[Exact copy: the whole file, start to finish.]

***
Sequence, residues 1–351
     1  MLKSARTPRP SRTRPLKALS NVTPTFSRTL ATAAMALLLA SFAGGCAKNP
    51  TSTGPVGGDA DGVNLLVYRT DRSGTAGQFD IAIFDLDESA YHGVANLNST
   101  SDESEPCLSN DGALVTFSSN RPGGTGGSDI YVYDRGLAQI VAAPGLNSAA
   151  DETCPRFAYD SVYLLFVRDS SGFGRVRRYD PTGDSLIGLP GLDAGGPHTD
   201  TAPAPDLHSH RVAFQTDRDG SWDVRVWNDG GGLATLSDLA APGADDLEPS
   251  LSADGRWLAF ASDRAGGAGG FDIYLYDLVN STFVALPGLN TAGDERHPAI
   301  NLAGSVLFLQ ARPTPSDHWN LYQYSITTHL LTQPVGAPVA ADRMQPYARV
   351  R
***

Sequence, residues 1–351
     1  MLKSARTPRP SRTRPLKALS NVTPTFSRTL ATAAMALLLA SFAGGCAKNP
    51  TSTGPVGGDA DGVNLLVYRT DRSGTAGQFD IAIFDLDESA YHGVANLNST
   101  SDESEPCLSN DGALVTFSSN RPGGTGGSDI YVYDRGLAQI VAAPGLNSAA
   151  DETCPRFAYD SVYLLFVRDS SGFGRVRRYD PTGDSLIGLP GLDAGGPHTD
   201  TAPAPDLHSH RVAFQTDRDG SWDVRVWNDG GGLATLSDLA APGADDLEPS
   251  LSADGRWLAF ASDRAGGAGG FDIYLYDLVN STFVALPGLN TAGDERHPAI
   301  NLAGSVLFLQ ARPTPSDHWN LYQYSITTHL LTQPVGAPVA ADRMQPYARV
   351  R